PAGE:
Comparing the pros and cons of trade school can help determine if this type of education suits a particular situation.
Trade school forms specialists referring to the type of education that involves obtaining a profession without higher education.
Sometimes referred to as a vocational school or technical school, a trade school makes it possible to create specialists in a specific field.
An even more common type of trade education in the modern world is all kinds of courses that allow you to get a diploma, knowledge, and a job. A perfect way to alter or enhance your career path!
Through a combination of hands-on and classroom learning, trade schools allow students to gain real-world, hands-on experience in their field of study.
However, they rarely offer general education or liberal arts subjects. Here are the brief pros and cons of studying in trade school.
Table of Contents
- Pros of Trade School
- 1. Working Speciality
- 2. Financial independence
- 3. Less cost
- 4. Faster career entry
- 5. Good chances of being taken on after training
- 6. Practicality of the teachings
- 7. Extracurricular experience
- 8. Space for your creativity
- 9. Orientation and personal development
- 10. Free to decide on your future
- 11. Learning new information
- 12. Faster Graduation
- 13. Educational content directly linked to practical work
- 14. A large number of jobs in specialized fields gather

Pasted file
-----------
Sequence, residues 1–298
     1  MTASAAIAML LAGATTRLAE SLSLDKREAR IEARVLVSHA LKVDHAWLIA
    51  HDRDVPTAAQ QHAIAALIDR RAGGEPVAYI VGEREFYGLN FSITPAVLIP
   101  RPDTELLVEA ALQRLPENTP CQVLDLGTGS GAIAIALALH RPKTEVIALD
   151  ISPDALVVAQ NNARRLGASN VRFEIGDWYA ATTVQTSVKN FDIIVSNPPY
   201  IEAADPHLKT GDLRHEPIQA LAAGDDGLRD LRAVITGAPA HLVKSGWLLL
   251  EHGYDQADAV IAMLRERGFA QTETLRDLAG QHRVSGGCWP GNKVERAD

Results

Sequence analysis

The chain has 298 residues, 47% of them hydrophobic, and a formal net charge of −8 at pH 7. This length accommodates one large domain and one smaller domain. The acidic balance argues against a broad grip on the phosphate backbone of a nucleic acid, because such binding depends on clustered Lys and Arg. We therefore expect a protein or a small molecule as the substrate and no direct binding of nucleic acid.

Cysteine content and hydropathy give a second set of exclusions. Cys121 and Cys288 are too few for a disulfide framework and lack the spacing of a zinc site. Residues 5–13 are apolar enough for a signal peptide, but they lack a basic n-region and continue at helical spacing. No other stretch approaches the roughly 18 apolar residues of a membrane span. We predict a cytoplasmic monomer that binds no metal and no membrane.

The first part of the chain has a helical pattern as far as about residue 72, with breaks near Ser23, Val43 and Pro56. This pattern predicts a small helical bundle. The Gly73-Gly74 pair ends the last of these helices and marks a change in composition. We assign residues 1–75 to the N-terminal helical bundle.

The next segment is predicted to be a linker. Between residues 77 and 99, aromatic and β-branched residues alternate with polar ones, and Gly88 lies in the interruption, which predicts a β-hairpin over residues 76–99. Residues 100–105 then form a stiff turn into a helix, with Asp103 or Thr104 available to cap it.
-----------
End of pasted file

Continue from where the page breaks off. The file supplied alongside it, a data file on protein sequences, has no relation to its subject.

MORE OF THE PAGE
- 15. Make friends with the same Goal
- 16. Class Size and Flexibility
- Cons of Trade School
- 1. Opportunities for advancement are often worse
- 2. Limited volume
- 3. Less free time
- 4. Not many opportunities to study non-specialized fields
- 5. Limited Scope of Job Opportunities
- 6. Stigma
- 7. Difficulty in Credit Transfer
- 8. Risk of conformism
- 9. Overwhelming
- 10. Make bad decisions
- 11. Can be stuck on the idea of the diploma
- Quick Glance (Pros and Cons of Trade School)
Pros of Trade School
One of the main advantages of a trade school is students, like college students, can earn a diploma or industry certificate upon completion of their program.
Many skilled trade students will be ready to work immediately after graduation, while others will need to complete additional training or prepare for licensing exams.
Some other pros of trade school include:
1. Working Speciality
Trade schools mainly teach technical skills that are in demand at all times. Having a diploma from a trade school program, a person will continually earn a piece of bread.
Still, it would be best if you did not count on huge salaries and a career ladder sharply carried away into the clouds.
2. Financial independence
A trade school education is a viable option for students to earn money and become financially independent from their parents.
Based on the education courses you choose, you can make even the salary, enough to rent an apartment from a very early age.
According to the Bureau of Labor Statistics, the median annual salary for a qualified electrician is approximately $56,000 nationally, and specific industries can be as high as $82,000.
Salaries are slightly less for heating, air conditioning, and refrigeration mechanics, with their average annual salary being roughly $46,000 to $69,000.
The starting average salary for positions requiring degrees in Engineering, Computer Science, Business, or Social Science is just over $50,000.
Some industries have the potential for six-figure salaries, particularly software development and engineering, but many, especially in social services, rarely break $60,000.
3. Less cost
According to the claims of the US Department of Education, the average cost of attending a four-year college is about $80,000. If a private college is chosen, this price can increase dramatically, sometimes over $120,000.
For the average two-year institution, which includes many trade schools and certificate programs, the tuition fees cost is less than $10,000 per year.